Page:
This movie is truly SPECIAL because I got to meet the one-of-a-kind Director Michel Ocelot at the screening. I got to interview him in San Francisco! Monsieur Ocelot is a very enchanting man and I would love to learn more about him and his childhood in Africa. Meeting him is truly a MAGICAL experience!

All the village women in the movie were dressed in the African traditional way with a loincloth and bare torso. And young children stayed without clothes, a natural thing to do, as the teperature was high. Monsieur Ocelot shared the stories behind the movie release: None of the American distributors wanted to release the movie. “They would have if I had put bras and pants everywhere, and ruining the honesty of this African tradition,” said Monsieur Ocelot during the audience Q&A session.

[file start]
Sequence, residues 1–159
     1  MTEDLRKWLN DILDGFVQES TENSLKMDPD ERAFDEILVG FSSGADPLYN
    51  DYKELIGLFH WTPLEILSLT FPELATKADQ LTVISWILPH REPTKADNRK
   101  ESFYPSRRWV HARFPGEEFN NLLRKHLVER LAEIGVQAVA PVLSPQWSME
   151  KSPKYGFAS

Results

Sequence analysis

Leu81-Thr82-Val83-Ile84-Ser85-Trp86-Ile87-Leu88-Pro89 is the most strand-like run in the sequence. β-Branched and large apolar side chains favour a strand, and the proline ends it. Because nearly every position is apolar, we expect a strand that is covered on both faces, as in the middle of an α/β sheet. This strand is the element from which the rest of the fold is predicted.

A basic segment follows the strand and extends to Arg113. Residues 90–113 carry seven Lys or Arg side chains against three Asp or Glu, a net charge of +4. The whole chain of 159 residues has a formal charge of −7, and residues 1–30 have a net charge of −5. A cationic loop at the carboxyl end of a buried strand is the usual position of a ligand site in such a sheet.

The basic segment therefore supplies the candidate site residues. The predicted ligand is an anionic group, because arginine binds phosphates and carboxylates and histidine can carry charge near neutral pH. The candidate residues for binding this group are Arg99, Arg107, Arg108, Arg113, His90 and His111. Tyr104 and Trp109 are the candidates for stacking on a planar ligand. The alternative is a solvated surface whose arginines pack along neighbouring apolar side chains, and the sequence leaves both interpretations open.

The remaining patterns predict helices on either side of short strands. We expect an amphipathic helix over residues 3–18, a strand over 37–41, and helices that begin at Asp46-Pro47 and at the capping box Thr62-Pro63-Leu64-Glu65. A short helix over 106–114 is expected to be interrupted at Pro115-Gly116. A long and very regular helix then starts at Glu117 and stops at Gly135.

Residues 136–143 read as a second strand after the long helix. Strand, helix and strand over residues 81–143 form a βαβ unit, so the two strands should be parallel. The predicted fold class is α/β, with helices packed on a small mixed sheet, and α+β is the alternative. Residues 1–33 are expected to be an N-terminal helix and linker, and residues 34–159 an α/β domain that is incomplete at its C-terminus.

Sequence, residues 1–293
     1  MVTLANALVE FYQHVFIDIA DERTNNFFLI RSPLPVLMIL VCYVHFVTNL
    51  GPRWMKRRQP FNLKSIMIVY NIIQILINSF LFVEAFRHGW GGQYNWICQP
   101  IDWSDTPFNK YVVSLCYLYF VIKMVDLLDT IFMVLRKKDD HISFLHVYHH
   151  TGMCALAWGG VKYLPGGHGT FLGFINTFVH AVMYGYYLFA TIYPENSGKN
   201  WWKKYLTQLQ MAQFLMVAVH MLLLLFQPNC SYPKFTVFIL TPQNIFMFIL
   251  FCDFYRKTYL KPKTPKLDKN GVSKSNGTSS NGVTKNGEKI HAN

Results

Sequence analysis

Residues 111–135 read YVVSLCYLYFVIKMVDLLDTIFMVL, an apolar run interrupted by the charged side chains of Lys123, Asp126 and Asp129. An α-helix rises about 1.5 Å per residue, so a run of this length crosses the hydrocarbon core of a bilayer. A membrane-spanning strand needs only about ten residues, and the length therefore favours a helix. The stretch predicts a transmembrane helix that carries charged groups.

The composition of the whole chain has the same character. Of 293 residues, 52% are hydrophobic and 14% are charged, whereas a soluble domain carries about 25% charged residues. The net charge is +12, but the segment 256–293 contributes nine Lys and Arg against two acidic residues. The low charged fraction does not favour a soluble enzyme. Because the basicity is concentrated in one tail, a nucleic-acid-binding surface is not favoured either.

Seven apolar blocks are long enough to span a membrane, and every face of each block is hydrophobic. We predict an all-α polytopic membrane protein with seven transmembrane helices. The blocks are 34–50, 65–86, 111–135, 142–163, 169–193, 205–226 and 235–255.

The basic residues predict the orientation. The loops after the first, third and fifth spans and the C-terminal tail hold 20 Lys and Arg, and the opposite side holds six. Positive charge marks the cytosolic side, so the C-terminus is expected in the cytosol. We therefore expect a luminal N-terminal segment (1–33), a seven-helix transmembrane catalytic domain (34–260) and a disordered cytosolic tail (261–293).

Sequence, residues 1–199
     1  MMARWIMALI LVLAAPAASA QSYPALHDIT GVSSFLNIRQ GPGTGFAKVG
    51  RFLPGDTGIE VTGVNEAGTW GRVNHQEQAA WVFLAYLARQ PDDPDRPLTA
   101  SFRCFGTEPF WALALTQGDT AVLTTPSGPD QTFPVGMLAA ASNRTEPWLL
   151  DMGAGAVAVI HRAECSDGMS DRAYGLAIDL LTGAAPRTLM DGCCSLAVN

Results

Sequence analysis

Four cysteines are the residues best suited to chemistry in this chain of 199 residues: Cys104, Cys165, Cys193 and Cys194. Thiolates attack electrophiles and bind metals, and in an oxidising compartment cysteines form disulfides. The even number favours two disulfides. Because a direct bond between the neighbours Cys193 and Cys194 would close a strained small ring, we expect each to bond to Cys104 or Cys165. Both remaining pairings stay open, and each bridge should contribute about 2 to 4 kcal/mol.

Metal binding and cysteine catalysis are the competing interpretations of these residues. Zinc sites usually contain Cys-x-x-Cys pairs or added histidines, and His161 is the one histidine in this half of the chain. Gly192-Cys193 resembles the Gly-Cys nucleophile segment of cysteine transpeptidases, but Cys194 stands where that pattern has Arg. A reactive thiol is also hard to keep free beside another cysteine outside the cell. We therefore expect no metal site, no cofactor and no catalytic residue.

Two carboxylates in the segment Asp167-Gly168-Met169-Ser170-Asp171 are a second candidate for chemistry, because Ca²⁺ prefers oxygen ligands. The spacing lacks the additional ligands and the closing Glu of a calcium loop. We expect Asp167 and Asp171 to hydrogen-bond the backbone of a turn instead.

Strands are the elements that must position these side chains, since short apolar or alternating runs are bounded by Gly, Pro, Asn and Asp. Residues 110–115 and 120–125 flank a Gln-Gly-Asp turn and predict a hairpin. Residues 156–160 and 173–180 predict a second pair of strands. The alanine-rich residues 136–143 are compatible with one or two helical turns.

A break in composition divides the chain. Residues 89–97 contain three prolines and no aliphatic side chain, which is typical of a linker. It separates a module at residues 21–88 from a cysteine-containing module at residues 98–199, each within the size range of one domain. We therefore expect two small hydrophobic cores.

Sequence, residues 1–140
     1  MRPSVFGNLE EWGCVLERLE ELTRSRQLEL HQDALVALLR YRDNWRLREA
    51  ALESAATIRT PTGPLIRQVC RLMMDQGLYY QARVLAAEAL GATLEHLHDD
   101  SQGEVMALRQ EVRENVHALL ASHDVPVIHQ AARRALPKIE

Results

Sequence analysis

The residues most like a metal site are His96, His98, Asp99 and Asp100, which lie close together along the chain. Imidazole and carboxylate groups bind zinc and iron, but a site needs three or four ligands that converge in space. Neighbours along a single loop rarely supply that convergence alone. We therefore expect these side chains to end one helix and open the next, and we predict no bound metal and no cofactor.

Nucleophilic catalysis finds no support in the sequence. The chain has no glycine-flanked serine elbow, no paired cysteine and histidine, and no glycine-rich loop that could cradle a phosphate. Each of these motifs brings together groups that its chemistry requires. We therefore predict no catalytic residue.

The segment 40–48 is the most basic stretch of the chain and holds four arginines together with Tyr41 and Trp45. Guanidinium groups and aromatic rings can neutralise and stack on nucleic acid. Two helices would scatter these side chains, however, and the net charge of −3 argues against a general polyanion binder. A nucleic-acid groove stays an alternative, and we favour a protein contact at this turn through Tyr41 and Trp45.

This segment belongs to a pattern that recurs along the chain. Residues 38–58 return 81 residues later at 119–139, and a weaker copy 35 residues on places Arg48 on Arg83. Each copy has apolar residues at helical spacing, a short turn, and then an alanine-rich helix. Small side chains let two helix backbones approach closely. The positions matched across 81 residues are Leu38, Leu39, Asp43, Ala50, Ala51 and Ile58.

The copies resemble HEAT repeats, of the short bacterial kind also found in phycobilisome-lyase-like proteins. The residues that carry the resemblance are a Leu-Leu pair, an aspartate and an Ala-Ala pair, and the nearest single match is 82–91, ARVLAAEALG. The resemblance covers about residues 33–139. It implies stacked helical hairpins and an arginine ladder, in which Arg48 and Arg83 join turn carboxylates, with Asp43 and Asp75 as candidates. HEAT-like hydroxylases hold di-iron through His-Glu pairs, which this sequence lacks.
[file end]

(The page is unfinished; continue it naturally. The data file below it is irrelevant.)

I saw Monsieur Ocelot’s new movie “Azur & Asmar” last month, and found many similarities and differences when comparing and contrasting the two movies. In “Azur & Asmar”, the main characters are two boys of different race. In “Kirikou and the Sorceress”, the character is a squirrel-sized boy. Azur & Asmar both want to liberate the Djinn Fairy, while Kirikou just wants to help get rid of the evil from the Sorceress. The setting in Azur & Asmar is an Arabian land, while the setting for Kirikou is an African village.

Both movies are enchanting and magical, and both have a quest. All key characters are brave and clever. You also need to, in both movies, enter many doors before you succeed. I noticed that both movies have a wise old man, and last, they both have responsible, loving, and nurturing mothers.

In “Kirikou and the Sorceress,” small has small’s advantages. But most of all, courage, perseverance, and wisdom are the keys to the magic door of success.